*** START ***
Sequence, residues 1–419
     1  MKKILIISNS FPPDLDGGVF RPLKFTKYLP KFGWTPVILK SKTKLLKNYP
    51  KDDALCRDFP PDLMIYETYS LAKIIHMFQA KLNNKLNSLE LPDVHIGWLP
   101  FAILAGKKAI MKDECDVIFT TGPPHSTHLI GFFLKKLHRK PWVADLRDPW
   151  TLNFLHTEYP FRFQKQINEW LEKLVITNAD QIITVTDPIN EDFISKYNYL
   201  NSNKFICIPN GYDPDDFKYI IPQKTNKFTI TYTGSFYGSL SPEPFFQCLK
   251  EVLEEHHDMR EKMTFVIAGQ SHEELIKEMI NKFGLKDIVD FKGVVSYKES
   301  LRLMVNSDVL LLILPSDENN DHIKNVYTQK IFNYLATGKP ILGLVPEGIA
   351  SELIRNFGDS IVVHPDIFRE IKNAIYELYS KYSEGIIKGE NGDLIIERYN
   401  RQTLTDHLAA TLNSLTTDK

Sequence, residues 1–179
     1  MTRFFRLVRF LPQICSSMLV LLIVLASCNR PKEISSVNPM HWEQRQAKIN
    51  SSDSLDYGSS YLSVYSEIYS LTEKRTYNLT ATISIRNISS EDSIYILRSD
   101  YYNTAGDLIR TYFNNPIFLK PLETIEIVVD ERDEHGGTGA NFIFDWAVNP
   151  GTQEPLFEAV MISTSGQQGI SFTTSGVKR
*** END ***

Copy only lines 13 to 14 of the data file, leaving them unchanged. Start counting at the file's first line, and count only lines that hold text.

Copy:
    51  SSDSLDYGSS YLSVYSEIYS LTEKRTYNLT ATISIRNISS EDSIYILRSD
   101  YYNTAGDLIR TYFNNPIFLK PLETIEIVVD ERDEHGGTGA NFIFDWAVNP